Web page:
She has also had a tough time with her workers. "When I started off I had a couple of people, who ran away with my money and blackmailed me, but now I have a brilliant team and its fun working with them."
To Wardha, the hardships that she has endured are all part of growing as a designer.

A workaholic by nature, besides being physically present in every process of making an outfit, she also teaches in the Textile department at Indus Valley School of Art and Architecture.

A graduate from IVSAA herself, she enjoys the process of teaching immensely. "I enjoy it. Teaching opens up my mind. I think being a professional doesn't mean one shouldn't refer back to books. If I wasn't teaching I wouldn't be able to take myself out of difficult situations while designing and along the process one gets solutions." Teaching for almost three years now Wardha still feels its designing that is her profession and not teaching. "If ultimately I ever have to choose, my work will take priority,' cause that's my passion."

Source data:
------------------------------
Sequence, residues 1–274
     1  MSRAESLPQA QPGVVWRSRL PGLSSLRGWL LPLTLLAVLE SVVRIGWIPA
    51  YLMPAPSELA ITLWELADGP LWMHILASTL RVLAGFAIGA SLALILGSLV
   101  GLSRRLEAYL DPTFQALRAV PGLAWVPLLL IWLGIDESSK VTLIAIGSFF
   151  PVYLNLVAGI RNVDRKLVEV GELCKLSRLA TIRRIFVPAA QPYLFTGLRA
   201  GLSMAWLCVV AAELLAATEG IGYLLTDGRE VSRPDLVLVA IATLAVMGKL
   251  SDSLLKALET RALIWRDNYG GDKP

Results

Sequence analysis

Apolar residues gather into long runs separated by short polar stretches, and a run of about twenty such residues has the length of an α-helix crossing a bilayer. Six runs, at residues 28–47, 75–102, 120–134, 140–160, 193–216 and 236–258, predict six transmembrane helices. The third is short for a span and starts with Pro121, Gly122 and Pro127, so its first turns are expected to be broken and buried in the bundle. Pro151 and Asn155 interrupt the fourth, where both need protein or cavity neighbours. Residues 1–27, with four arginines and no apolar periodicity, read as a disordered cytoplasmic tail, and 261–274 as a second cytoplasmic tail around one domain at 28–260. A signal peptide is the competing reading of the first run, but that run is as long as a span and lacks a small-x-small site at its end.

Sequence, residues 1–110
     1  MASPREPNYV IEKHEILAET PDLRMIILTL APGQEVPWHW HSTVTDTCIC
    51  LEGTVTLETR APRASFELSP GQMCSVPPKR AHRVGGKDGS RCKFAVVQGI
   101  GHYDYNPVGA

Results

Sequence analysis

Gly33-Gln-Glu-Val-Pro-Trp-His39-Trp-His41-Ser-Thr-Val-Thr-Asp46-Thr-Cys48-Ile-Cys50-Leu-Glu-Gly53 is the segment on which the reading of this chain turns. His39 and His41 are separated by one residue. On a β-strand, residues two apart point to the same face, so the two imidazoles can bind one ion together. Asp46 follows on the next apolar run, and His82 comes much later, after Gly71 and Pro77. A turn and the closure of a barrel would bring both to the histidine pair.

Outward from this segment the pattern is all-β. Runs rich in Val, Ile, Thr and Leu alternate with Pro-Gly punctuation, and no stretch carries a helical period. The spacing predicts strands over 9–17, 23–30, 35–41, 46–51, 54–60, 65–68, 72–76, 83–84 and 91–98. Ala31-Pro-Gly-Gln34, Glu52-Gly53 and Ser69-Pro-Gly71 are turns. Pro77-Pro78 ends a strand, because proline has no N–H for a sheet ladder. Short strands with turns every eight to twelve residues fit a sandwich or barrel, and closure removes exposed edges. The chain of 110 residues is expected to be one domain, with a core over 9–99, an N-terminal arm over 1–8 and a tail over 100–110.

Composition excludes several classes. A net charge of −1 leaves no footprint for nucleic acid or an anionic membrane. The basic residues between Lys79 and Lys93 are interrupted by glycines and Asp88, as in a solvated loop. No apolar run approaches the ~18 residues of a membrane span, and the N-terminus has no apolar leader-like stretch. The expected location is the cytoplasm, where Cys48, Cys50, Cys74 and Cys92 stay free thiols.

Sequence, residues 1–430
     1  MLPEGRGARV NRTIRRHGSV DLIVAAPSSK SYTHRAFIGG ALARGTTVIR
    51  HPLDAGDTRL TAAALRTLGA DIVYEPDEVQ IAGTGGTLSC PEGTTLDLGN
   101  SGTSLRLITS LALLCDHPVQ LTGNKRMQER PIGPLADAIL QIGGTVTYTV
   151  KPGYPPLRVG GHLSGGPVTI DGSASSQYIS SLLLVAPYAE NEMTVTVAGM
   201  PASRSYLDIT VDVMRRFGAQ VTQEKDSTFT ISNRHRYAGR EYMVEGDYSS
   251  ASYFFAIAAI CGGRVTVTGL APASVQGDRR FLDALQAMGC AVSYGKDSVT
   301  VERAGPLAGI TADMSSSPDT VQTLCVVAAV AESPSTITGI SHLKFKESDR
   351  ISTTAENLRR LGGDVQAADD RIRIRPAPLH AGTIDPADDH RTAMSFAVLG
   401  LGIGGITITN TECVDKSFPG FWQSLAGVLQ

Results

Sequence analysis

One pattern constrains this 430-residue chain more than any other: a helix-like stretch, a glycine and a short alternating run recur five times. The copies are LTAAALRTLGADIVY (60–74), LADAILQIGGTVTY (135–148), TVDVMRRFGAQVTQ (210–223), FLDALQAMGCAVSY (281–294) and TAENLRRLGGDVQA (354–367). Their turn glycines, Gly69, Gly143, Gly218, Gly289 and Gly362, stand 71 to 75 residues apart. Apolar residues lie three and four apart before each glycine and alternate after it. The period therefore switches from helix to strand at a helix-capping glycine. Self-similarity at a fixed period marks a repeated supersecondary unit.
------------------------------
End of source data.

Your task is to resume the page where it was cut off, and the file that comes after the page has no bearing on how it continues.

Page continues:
That said, she is a firm believer in education and feels that while talent is necessary to make it, education polished that talent further.

Being part of the competitive fashion industry for four years Wardha still doesn't own an outlet but that doesn't seem to bother her.

"I started off with three clients and today I have people coming in every second day. I think the kind of attention and interaction I can have with my clients individually won't happen if I had a shop. Besides, I don't think I'd be more involved in the process of designing an outfit, which is very essential to me. Going commercial right now isn't my concern, but with time I do see myself having an outlet. I want to take one step at a time."

She started stocking her clothes at Labels a year back but pulled out, as things didn't work out there.
Wardha feels inspiration can strike her anywhere and the process that she was taught while studying as a textile student at IVSAA of sketching out her thoughts has had positive outcomes so far and is something she never skips.

Known for her bright colours, she admits that colours are her strength, "I was known as a colour wizard at college," she reminisces.

Block prints, which are part of her pret and semi-formal line, are sold just as much as anything else she makes. Wardha believes that people continue to wear block prints, simply for the love of it.